1. Statement of the problem

Migration reduces friendship, kinship, and other associational ties (Kasarda & Janowitz, 1974; Sampson, 1988), as well as the influence that communities have on their residents’ attitudes and actions (Lee, Oropesa, & Kanan, 1994). Young people, in particular, frequently break family ties upon moving and develop ties to more impersonal secondary groups (Brown, 1988). Media, particularly local media, can assist new residents in connecting with new community institutions (Brown, 1988; Katz, Blumler, & Gurevitch, 1974; Rumbaut, 1997; Shah, McLeod, & Yoon, 2001; Walker, 1999). The “uses and gratifications” approach to the study of media suggests that media are one resource that individuals use “to get information or advice for daily living, to provide a framework for one's day, [and] to prepare oneself culturally for the demands of upward mobility” (Katz et al., 1974, p. 20). Local newspapers, for instance, provide relatively comprehensive coverage of events occurring within a community. In fact, organizers of many public events want media to publicize their events (Oliver & Myers, 1999). Furthermore, local media aid in job placement and economic success (Putnam, 1995). Migrants interested in adapting to their new communities seem likely to use the media to aid this process.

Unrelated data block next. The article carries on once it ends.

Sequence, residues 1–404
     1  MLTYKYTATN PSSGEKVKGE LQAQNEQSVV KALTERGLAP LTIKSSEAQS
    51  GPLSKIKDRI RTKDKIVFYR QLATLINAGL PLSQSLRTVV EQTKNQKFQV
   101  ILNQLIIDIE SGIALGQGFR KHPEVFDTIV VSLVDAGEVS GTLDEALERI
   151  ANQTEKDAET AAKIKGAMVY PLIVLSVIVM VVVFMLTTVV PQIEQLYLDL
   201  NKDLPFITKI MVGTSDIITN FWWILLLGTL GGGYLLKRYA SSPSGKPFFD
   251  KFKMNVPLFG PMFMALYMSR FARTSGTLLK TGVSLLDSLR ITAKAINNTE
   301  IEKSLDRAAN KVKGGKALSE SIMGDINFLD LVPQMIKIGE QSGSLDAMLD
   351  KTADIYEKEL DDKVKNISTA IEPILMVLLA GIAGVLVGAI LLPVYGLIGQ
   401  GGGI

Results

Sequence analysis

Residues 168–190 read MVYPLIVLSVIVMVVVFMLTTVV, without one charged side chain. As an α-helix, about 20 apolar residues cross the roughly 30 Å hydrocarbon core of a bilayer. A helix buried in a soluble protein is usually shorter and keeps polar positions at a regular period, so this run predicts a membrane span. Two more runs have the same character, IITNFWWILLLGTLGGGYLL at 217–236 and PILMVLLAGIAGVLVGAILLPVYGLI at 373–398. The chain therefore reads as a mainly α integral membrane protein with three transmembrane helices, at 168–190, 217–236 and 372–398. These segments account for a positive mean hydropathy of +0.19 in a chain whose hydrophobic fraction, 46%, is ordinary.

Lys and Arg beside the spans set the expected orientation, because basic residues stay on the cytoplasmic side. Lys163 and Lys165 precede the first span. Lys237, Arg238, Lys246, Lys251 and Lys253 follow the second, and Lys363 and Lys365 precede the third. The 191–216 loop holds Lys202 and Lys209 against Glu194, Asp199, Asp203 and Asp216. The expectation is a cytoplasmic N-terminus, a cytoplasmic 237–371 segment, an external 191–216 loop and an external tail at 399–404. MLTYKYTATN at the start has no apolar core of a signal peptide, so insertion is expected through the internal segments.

Park (1929), one of the first sociologists to suggest media's integrative function, found people who read newspapers belonged to more community organizations. Newspapers replaced interpersonal, primary channels of communication that had operated in earlier, smaller communities. They transmitted important information, particularly for better-educated newcomers to aid assimilation.

Lazerfeld and Stanton (1949) changed the focus of media studies to a concern with “the gratifications that the mass media provide their audience” (Katz et al., 1974, p. 20). Walker (1999), building on earlier works, developed the informational approach to media studies emphasizing that audiences utilize media as an informational source to aid assimilation. Walker's work focused on immigrants who used information provided by media for successful adaptation. He examined Haitian immigrants living in Miami in the early 1990s. These immigrants had language and ethnic barriers greater than those faced by most internal migrants; yet, migrants who successfully assimilated used local media more.